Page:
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How to Plan Before You Set a Personal Budget

Choosing not to use a budget is like setting off on a trip without a plan. The more adventurous and spontaneous among you may find that exhilarating, but if you don’t set financial goals, your trip is not likely to go far.

Now, I get it. Budgets have a reputation for requiring too much effort. Who wants to sit there and track every dime that comes into and goes out of your bank account? Well, some of you may find that fascinating. Thankfully, there is more than one way to make a budget fit with your personality.

There are two sets of steps you should take before settling on a budget strategy. I know you expected to jump right in, but the reason so many people fail to stick to a budget is because they fail to plan

The first set of steps are mental steps. These are really just assessments of where you are.

Before you do anything with a budget, decide why you want the budget. It’s not a question of need. Everyone needs a budget, but decide for yourself how the budget is going to help you. Maybe you’ve accumulated debt and need to find a way to dig yourself out, or maybe you have no debt but are having trouble setting money aside for a major purchase. Remember that whole business about setting goals? Think of the top three motivators and rank them in order of importance, and yes, splurging is an acceptable goal. A good budget will make allowances for your frivolous spending.

The second thing you want to do is to be realistic about your specific situation. In my case, as a blind individual, I understand the challenges that come with finding a new job. Despite all the talk of diversity and inclusion, society still struggles with taking a chance on blind applicants. If I lose my job today, I can’t just walk down to the burger joint and count on them hiring me to flip patties, so my first goal was to set up an emergency fund to protect myself against an unexpected period of unemployment.

Assess your own circumstances. If you have children, their needs need to be factored into your budget outlook. If you are married, your partner’s needs also need to be accounted for in your budget, as is only fair that your needs be reflected in theirs. If you suffer from certain health conditions and know you may need comprehensive treatment, this too may be a reason to be more aggressive in using your budget to set aside money.

The other piece to assessing your reality is figuring out your weaknesses. It’s okay to have a propensity for shopping, for example. A good budget will help you set money aside to feed your shopping tendencies, but it’s going to be a little easier to make sacrifices if you know what temptations you are guarding against.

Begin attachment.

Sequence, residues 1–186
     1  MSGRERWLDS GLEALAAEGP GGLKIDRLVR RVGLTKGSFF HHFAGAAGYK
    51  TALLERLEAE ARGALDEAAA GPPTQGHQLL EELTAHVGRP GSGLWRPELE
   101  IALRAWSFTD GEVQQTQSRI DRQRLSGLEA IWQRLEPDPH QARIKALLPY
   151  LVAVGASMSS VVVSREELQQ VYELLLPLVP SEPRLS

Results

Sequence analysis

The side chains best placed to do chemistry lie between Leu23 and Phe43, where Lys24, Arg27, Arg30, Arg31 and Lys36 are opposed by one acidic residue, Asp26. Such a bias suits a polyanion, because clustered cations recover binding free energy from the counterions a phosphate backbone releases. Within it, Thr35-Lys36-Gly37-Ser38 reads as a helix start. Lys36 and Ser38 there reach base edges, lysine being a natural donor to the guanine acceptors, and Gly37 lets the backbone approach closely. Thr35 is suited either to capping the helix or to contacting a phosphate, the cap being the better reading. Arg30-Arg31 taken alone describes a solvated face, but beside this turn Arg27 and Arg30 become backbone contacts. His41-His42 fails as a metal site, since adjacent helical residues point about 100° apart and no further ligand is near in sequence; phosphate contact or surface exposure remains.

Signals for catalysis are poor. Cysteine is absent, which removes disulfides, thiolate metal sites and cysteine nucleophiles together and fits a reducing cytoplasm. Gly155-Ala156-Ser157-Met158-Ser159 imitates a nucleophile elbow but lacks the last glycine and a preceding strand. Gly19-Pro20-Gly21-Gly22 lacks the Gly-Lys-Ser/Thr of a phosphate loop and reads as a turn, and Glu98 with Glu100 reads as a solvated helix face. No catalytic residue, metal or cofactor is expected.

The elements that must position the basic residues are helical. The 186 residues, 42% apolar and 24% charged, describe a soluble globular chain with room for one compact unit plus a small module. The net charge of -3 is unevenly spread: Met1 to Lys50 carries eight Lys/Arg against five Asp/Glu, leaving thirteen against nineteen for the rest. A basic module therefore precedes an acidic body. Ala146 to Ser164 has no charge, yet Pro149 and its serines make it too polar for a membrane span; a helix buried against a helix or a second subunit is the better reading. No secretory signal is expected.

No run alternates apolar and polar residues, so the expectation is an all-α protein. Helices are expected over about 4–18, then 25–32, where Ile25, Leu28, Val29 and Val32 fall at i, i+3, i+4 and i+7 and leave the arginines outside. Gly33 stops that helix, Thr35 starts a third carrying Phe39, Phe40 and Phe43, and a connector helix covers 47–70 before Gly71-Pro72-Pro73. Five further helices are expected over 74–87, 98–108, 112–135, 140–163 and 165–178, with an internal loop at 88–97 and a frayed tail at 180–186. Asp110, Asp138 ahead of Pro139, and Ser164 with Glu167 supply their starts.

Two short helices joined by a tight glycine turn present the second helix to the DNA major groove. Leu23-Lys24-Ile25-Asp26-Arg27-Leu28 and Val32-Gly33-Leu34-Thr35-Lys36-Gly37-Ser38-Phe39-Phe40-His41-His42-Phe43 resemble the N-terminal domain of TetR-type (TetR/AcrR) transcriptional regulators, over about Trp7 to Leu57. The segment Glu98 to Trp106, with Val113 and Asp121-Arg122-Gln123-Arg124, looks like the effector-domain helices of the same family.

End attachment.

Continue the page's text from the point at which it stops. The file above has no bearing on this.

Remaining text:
Taking stock of your natural spending habits will help you learn about your tolerance levels and set realistic goals. There’s no sense in planning to save 25% of your monthly income if you’ve never been motivated to save before. If you get overly ambitious, and fail, you’re going to talk yourself out of budgeting.

The second set of steps are more concrete. They’re not complicated, but you need this second set of steps to merge with the first set.

First, before you pick a budget strategy, figure out how much you’re actually bringing home after taxes and any other deductions. This is your net pay. This will give your budget its body. If you know exactly how much ends up in your bank account, you can establish goals that are achievable.

The second concrete step is to study your spending patterns over the past 90 days. I’m choosing 90 days as a somewhat arbitrary timeframe. You want a sufficiently long period to be able to see the patterns emerge. These patterns are going to go a long way in helping you learn your financial weaknesses. Are your trips to the mall isolated incidents, or are they part of a broader trend? Remember, the point here is not to create shame. Rather, it is an attempt at helping you assess where your money naturally flows when it is not being monitored.

Budgets do not have to be a hateful burden. You would be surprised at the amount of stress financial mismanagement can create. Spare yourself the pain by deciding to plan for a budget strategy that will fit with your personality. We’ll get into those budget strategies in the next installment.

What steps did you take to prepare for your budget? If you have not started a budget, what’s been keeping you from doing so? I look forward to your thoughts in the comments!

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